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Canadian producers have seen shipments of their products stalled by congested pipelines, pushing it to more expensive rail. And, on November 8, a Montana District Court blocked President Trump’s permit from January 2017 to allow TransCanada to finish the nearly 1,180-mile Keystone XL pipeline connecting Alberta oilsands with refineries in Texas.
That followed an August decision by a Canadian court to overturn Ottawa’s approval for the expansion in British Columbia of the Trans Mountain pipeline.
Canada’s largest railroad recently filed a patent for CanaPux, a pellet-like product that wraps tar sands extract bitumen in a layer of polymer for transportation by rail. It can be handled like dry bulk commodities, stacked in less expensive open gondolas for shipment, then heated by refineries to separate the bitumen for refining and ready the polymer for recycling.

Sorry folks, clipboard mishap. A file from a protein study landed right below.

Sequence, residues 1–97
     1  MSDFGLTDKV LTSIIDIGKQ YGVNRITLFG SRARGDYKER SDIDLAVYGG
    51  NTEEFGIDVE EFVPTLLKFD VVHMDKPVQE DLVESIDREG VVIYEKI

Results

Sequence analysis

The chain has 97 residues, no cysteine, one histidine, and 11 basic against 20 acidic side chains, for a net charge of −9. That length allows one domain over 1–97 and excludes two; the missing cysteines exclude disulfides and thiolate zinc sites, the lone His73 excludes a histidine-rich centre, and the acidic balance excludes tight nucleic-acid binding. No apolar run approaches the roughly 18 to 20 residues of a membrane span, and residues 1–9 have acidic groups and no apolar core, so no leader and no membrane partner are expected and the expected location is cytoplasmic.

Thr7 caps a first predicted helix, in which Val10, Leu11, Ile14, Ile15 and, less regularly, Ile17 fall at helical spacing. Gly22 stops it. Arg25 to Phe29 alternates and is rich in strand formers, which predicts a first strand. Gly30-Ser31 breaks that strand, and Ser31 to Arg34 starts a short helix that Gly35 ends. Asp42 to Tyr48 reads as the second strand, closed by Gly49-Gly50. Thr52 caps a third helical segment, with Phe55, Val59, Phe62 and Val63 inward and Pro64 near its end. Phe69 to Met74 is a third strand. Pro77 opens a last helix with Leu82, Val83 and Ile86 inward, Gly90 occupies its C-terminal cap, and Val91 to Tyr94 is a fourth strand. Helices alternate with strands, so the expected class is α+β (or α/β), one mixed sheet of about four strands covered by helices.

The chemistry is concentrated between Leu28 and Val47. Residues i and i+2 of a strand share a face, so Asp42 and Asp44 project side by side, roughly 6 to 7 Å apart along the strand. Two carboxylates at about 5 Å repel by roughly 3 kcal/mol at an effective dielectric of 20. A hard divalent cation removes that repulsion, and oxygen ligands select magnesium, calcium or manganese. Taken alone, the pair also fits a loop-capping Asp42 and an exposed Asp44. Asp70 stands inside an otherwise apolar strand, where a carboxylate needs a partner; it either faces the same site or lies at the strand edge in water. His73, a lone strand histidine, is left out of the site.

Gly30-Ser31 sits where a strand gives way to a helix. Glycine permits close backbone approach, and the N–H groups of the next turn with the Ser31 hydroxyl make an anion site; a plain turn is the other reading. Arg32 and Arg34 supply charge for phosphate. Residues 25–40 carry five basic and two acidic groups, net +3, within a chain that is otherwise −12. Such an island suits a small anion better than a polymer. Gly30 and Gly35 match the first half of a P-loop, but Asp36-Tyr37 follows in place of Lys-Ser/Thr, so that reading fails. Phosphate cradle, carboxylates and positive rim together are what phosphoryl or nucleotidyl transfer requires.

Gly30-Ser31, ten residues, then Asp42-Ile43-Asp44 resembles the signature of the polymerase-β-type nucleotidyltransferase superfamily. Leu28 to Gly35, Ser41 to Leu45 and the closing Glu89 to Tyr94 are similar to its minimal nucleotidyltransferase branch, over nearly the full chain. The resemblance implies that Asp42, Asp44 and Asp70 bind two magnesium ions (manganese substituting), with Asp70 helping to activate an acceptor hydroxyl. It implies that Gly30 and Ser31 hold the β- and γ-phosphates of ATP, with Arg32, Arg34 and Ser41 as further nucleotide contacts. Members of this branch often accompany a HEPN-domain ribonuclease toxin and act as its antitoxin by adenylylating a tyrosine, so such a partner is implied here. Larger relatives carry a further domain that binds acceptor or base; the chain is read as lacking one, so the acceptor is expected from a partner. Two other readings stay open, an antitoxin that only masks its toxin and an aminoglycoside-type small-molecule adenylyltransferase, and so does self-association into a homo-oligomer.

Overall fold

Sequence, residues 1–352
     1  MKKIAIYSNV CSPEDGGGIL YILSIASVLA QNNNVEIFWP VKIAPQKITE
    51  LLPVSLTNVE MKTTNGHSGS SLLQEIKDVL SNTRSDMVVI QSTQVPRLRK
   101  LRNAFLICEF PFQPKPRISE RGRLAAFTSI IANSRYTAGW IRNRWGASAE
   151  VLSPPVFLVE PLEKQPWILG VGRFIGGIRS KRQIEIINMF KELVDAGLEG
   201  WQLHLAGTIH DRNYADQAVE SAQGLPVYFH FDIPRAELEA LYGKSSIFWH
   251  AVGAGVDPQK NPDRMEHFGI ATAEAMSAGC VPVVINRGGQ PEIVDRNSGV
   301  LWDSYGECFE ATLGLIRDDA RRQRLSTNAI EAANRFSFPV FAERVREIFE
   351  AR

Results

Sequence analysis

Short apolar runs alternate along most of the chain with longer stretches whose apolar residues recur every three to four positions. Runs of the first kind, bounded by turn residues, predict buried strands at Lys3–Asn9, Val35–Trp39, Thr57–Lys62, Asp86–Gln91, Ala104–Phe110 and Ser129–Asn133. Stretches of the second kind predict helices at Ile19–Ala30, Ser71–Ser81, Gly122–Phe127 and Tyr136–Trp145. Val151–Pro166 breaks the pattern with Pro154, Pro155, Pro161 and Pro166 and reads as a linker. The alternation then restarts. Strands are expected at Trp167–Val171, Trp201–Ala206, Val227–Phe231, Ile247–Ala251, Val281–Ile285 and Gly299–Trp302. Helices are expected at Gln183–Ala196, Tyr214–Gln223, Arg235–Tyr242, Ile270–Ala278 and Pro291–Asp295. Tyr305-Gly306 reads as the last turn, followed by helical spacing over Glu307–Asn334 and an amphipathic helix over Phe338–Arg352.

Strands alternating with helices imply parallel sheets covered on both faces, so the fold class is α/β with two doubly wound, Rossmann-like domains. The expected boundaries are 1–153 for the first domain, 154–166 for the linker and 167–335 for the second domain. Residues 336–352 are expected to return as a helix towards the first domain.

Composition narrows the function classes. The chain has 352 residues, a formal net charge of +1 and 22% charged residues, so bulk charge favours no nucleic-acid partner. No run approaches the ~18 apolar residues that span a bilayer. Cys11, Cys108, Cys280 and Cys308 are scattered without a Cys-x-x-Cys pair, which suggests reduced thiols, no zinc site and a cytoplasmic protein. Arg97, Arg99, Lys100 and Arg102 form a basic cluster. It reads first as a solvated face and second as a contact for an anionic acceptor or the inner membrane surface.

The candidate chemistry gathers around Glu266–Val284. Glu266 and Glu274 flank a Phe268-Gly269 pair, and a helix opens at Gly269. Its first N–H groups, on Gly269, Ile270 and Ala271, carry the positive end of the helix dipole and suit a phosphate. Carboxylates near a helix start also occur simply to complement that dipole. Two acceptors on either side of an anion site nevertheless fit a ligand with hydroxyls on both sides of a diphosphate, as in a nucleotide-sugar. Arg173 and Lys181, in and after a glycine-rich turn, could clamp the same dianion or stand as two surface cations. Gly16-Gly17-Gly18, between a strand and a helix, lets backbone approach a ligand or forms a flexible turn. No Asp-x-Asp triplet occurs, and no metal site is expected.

Alberta crude is selling for less than one-third of the cost of U.S. benchmark light crude, according to reports, because of problems getting it to market.
Moving oil pellets in lighter gondolas, CN said, would accommodate more crude per car than tank cars, and eliminate the need for diluent required for movement of liquid crude. After a spill the pellets are easily recovered on land as well as water, since they float. The railroad estimates costs of near-half that of transporting liquid crude-by-rail.
InnoTech Alberta is working with CN on the optimum composition of CanaPux; a pilot production project by Toyo Engineering Canada is to demonstrate market viability. CN wants to partner on a pilot plant with capacity to transform 10,000 barrels per day of undiluted heavy crude into CanaPux.
The post U.S. court could get assist for CN oil ‘pucks’ appeared first on Railway Age.
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